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Research article2019Peer reviewedOpen access

Translating olfactomes into attractants: shared volatiles provide attractive bridges for polyphagy in fruit flies

Biasazin, Tibebe Dejene; Herrera, Sebastian Larsson; Kimbokota, Fikira; Dekker, Teun


Tephritid flies are serious fruit pests. Despite clear niche differences, many species show considerable overlap in fruit preferences, of which we here analysed the olfactory correlate. Using the volatiles of four unrelated fruit species, antennal responses were quantified to construct a fruit-odour response database for four tephritid species. Although responses were distinct with a significant niche-correlated bias, the analyses show that the probability of detection of a volatile strongly increased with its sharedness across fruits. This also held for the unrelated fruit fly Drosophila melanogaster (DoOR repository-based analyses). We conjectured that shared volatiles signify 'host' to the fly 'nose' and induce attraction. Indeed, blends of volatiles shared by fruit and detected by all four species were very attractive for tephritid species, more than fruits. Quantitative whole antennal recordings en lieu of, or complementing bottom-up molecular neurogenetic approaches, enables comparative olfactomics in non-model species, and facilitate interpretation of olfaction in evolutionary, ecological, and applied contexts.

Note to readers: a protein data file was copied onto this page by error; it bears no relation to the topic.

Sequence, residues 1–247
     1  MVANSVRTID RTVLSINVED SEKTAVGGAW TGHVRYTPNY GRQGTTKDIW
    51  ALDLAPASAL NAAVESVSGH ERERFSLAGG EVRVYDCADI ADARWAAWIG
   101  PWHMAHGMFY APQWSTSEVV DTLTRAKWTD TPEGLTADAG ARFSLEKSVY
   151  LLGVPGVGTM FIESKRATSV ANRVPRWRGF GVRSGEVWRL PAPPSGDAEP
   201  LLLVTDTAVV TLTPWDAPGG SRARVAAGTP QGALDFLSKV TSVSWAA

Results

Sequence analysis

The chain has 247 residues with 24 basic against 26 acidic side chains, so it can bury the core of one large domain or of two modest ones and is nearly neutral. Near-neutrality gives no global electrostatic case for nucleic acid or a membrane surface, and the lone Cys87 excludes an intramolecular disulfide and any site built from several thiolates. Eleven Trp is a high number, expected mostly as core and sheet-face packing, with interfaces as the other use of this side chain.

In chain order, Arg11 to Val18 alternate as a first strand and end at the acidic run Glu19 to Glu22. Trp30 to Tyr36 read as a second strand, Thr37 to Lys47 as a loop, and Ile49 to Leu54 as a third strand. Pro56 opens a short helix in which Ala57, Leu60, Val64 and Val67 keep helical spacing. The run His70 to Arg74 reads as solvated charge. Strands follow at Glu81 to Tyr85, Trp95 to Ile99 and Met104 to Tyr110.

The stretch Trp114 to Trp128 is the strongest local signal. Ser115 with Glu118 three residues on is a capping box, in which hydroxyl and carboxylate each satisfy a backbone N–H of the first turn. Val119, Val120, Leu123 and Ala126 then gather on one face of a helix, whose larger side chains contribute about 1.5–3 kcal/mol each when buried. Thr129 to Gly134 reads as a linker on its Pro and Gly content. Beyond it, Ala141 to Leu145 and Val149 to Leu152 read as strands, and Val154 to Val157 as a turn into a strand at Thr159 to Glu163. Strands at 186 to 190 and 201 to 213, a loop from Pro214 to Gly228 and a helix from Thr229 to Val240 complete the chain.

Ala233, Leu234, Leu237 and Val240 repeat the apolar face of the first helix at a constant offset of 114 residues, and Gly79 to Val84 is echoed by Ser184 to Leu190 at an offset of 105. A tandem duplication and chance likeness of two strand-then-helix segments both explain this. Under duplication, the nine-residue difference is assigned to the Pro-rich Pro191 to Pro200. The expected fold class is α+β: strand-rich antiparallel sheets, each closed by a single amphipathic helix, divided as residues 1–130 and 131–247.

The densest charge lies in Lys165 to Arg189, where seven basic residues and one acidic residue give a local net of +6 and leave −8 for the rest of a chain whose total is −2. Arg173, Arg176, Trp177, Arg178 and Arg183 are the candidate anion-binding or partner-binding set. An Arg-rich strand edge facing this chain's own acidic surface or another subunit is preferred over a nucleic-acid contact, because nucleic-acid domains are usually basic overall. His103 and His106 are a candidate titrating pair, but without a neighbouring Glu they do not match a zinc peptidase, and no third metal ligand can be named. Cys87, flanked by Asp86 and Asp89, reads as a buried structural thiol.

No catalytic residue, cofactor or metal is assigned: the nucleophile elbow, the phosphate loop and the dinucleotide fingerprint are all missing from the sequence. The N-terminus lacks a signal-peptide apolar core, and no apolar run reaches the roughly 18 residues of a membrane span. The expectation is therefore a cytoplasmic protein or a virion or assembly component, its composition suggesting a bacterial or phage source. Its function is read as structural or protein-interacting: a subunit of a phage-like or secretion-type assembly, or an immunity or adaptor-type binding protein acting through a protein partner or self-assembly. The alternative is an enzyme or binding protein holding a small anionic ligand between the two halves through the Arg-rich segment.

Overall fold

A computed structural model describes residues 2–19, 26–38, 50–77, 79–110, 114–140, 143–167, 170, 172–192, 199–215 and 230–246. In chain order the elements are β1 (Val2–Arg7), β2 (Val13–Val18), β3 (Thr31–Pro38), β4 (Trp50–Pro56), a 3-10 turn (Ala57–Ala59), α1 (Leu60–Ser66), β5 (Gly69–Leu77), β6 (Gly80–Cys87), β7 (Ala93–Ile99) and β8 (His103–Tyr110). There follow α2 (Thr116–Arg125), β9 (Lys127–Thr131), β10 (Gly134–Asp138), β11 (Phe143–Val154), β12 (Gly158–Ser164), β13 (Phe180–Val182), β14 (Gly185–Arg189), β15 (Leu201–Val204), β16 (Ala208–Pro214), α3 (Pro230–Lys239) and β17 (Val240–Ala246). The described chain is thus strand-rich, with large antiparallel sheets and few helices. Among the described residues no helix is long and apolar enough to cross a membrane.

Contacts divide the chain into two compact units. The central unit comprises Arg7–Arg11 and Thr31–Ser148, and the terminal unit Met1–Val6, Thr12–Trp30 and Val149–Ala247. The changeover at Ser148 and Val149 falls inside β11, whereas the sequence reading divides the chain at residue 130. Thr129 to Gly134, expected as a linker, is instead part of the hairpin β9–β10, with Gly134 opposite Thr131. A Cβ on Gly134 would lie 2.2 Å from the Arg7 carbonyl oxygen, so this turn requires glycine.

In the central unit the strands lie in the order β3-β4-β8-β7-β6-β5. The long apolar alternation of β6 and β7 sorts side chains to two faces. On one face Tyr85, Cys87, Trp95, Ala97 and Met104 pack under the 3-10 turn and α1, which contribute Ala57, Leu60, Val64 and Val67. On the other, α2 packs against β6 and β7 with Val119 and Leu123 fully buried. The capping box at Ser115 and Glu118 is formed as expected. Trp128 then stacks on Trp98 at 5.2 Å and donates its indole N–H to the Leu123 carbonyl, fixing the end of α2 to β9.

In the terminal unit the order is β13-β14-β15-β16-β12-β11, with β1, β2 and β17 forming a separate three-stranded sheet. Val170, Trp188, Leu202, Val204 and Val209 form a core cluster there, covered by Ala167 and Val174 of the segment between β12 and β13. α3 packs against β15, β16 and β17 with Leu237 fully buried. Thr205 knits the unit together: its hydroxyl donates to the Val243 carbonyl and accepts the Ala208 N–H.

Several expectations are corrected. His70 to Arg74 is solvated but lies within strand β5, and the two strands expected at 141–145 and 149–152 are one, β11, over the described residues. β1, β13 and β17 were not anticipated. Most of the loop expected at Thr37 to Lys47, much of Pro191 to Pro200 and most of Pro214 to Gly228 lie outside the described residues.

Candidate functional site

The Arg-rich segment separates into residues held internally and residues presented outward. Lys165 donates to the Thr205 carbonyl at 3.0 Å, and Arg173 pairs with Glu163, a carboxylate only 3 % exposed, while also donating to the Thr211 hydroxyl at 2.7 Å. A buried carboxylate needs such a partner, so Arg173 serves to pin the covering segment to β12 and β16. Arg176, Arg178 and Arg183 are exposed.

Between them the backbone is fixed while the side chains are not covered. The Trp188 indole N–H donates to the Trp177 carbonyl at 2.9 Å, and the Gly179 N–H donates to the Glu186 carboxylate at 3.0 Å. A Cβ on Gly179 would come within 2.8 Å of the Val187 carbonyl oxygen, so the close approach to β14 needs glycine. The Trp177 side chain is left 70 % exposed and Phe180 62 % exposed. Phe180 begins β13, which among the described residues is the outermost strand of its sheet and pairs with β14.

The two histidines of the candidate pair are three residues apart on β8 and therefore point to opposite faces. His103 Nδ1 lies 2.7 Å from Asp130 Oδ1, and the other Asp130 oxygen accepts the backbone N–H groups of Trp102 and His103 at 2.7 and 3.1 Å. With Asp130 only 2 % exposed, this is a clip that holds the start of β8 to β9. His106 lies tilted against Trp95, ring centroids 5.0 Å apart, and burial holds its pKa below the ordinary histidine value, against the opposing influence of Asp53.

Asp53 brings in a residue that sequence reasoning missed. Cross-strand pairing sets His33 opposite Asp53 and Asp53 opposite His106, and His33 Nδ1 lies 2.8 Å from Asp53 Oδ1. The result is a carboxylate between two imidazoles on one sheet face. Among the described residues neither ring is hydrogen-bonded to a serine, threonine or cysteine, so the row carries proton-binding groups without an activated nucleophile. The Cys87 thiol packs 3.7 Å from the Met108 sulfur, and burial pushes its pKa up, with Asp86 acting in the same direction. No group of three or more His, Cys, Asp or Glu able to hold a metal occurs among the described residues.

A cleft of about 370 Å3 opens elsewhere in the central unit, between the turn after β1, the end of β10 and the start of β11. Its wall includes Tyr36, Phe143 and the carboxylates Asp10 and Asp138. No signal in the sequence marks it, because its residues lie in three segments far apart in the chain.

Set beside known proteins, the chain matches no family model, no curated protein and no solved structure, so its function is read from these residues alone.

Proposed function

Attractants; behaviour; drosophila; electrophysiology; olfactome; polyphagy; tephritidae; volatilome

Published in

Ecology Letters
2019, Volume: 22, number: 1, pages: 108-118
Publisher: WILEY